What factors influence the patient and primary care intervals in the diagnostic pathway of gynaecological cancers?


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Pauline Williams1,Peter Murchie1,Christine Bond1,Chris Burton1
1University of Aberdeen

Abstract

Background

Gynaecological cancers are the second most common female cancer type (1), with lower survival rates than many comparable countries (2). An important factor in the UK’s poorer cancer outcomes is diagnostic delay; gynaecological cancer was identified in 2010 as the cancer type most likely to involve delayed diagnosis (3). The aim of this work was to conduct a systematic review to collate the current evidence on the factors which influence the patient and primary care intervals in the diagnostic pathway of gynaecological cancer.

Method

MEDLINE, EMBASE and Cochrane databases were searched using three terms, their MeSH terms and synonyms: primary care; gynaecological cancer and delay. Citation lists of all identified papers were searched. Two authors (PW and PM) independently screened titles, abstracts and the full texts of publications. Data extraction of factors affecting the diagnostic pathway was performed by PW and duplicated in 8 (22%) of papers by a second reviewer (PM or CB).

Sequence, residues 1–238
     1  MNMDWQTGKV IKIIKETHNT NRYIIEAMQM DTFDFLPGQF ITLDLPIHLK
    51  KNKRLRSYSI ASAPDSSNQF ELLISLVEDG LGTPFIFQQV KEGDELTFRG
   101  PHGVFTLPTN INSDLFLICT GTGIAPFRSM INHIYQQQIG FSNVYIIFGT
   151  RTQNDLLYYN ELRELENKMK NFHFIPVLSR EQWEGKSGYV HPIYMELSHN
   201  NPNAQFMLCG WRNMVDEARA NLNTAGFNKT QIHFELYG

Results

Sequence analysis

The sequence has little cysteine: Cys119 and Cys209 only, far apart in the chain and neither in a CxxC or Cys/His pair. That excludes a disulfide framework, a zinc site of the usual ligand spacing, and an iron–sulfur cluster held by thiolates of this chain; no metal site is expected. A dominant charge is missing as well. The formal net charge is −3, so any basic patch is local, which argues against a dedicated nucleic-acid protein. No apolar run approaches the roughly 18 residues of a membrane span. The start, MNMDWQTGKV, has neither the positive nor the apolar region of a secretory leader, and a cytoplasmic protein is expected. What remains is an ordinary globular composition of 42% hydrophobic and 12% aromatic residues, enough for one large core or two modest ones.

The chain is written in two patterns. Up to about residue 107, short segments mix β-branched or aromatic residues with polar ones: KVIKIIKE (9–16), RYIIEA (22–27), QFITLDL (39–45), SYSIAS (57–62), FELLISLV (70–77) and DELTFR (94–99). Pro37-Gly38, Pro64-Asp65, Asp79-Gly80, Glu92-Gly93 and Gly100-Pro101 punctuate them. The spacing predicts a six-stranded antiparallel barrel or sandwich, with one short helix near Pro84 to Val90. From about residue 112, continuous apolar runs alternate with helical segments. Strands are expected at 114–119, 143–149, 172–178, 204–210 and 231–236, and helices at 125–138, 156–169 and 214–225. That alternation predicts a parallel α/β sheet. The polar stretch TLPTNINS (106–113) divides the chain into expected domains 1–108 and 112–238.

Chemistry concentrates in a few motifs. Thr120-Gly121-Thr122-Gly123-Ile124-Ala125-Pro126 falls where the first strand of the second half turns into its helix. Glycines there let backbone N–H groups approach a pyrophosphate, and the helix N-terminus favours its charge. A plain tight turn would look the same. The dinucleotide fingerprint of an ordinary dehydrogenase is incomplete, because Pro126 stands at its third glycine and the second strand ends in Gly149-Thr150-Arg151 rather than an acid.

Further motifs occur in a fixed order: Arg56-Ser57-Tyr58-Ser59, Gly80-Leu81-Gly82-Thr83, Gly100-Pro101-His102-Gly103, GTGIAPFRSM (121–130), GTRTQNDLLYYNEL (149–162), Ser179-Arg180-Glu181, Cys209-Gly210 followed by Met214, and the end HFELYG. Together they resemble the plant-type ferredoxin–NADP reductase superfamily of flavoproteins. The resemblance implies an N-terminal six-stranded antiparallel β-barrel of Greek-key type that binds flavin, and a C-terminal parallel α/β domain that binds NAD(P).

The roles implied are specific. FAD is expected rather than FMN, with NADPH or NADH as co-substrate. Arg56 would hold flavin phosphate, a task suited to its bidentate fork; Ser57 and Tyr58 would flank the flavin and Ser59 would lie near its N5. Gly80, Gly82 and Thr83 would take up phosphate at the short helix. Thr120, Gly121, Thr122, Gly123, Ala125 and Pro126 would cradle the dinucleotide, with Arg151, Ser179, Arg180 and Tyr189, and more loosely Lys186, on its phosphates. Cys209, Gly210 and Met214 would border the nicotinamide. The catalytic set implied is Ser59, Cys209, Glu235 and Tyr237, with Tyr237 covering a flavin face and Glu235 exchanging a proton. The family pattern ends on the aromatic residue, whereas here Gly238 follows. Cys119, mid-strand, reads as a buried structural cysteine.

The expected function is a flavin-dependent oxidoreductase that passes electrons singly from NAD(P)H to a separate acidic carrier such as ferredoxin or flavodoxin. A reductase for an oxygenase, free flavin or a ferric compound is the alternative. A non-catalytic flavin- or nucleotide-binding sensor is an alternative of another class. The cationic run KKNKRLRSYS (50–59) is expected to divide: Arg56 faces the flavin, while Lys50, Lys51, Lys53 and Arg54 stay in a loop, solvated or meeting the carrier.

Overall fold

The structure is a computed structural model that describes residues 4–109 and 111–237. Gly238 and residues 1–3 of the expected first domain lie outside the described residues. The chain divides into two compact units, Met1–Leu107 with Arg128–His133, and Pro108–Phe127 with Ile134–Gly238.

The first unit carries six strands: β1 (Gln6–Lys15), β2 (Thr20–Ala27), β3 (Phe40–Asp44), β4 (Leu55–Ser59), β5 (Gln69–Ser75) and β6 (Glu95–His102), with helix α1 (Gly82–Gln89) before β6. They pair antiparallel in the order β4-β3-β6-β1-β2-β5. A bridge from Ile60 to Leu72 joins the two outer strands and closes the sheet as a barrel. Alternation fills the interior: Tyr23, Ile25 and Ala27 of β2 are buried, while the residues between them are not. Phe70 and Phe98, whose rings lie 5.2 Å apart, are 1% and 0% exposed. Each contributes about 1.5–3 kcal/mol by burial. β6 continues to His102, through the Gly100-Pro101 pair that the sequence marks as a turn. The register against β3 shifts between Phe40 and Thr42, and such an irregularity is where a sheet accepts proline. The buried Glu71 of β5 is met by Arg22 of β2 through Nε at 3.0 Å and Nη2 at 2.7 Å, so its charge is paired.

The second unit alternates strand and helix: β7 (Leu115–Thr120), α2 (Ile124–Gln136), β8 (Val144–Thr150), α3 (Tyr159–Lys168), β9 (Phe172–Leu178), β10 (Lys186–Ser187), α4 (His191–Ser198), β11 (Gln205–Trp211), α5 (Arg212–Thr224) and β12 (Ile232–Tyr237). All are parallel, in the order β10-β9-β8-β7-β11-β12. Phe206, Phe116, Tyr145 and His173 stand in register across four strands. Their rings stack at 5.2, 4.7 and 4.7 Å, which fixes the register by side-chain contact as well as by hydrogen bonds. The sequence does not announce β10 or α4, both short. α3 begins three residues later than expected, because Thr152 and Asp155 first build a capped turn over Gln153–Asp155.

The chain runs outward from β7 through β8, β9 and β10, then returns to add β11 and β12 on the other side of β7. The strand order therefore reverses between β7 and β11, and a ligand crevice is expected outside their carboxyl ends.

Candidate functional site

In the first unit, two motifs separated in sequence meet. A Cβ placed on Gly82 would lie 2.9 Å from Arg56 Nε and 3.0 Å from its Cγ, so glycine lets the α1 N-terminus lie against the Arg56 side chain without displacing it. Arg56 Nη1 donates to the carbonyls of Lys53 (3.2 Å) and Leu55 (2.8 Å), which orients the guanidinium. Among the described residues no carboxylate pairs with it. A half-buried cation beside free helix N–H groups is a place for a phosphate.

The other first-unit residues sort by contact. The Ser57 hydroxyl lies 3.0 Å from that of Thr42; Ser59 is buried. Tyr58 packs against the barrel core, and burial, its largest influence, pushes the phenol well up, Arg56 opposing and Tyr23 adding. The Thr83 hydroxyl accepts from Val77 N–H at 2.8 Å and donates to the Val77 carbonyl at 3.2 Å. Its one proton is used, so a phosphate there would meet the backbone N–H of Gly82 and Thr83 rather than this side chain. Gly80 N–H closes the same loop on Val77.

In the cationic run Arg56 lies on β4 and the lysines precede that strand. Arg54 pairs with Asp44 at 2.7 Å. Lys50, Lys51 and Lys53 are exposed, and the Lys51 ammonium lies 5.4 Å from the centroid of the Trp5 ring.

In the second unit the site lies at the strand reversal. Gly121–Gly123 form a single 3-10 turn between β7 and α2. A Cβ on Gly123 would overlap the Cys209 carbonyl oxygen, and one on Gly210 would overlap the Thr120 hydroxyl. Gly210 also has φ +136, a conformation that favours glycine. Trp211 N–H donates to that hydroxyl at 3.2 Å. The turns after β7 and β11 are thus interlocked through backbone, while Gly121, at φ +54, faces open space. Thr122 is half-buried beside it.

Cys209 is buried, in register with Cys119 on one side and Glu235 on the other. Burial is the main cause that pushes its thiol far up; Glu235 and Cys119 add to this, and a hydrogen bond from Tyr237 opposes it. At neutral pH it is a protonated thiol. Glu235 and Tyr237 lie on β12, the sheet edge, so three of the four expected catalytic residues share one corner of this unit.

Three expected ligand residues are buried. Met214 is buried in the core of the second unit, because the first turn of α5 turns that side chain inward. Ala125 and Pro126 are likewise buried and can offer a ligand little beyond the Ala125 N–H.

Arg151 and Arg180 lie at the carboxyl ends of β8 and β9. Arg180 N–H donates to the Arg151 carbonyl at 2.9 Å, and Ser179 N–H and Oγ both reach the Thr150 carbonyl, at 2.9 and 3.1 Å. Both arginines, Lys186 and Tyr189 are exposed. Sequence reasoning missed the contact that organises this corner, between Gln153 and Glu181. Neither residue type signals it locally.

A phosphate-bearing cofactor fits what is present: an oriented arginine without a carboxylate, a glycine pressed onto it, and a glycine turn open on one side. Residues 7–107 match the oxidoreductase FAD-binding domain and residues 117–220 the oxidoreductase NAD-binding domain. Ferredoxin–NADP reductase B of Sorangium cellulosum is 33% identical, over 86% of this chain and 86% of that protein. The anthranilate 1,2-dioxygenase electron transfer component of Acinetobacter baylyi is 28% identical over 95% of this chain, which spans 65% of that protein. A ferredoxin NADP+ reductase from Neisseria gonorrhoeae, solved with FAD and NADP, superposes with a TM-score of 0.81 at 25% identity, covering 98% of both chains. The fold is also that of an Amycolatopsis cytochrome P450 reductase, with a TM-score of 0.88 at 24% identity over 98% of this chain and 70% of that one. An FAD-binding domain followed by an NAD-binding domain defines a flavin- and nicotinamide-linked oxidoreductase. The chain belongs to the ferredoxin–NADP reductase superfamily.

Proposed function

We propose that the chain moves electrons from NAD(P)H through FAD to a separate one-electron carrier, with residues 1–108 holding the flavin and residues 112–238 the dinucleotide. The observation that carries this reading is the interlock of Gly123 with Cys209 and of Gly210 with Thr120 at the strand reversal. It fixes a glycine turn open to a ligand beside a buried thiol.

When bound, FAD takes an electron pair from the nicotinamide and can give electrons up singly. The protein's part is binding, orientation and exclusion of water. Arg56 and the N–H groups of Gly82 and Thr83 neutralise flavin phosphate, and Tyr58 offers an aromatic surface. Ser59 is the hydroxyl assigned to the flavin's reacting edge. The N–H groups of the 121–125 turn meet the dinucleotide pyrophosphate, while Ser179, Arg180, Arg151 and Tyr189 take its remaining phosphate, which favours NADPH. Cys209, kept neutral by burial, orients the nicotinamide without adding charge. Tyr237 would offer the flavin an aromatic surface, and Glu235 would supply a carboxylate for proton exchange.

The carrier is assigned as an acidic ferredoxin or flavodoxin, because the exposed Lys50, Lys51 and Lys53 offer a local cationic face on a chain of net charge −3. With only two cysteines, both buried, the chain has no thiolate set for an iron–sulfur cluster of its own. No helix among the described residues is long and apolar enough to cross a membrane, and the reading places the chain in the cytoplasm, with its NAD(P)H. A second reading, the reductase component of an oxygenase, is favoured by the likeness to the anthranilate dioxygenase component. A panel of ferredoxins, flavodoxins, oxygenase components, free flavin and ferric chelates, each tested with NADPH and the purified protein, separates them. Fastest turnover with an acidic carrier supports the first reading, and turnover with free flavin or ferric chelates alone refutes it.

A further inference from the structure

Results

1177 references were identified; 35 met the inclusion criteria (one systematic review and 34 observational studies). Using definitions for patient interval and primary care interval as described by the Aarhus statement (4), factors were assigned to one of the two groups. Diagnostic delay was influenced by 1) patient interval factors: patient age and socioeconomic status; delayed presentation to a GP and 2) practitioner interval factors: inadequate examination; lack of suspicion of cancer; non urgent referral and referral to other hospital specialities.

Conclusion

Diagnostic delay is multi-faceted and complicated. Many patients delay presenting to their GP, which is compounded by subsequent inadequate examination and suboptimal onward referral processes pre-diagnosis. This review demonstrates several areas which need further exploration as potential targets for health services interventions with potential to improve cancer outcomes.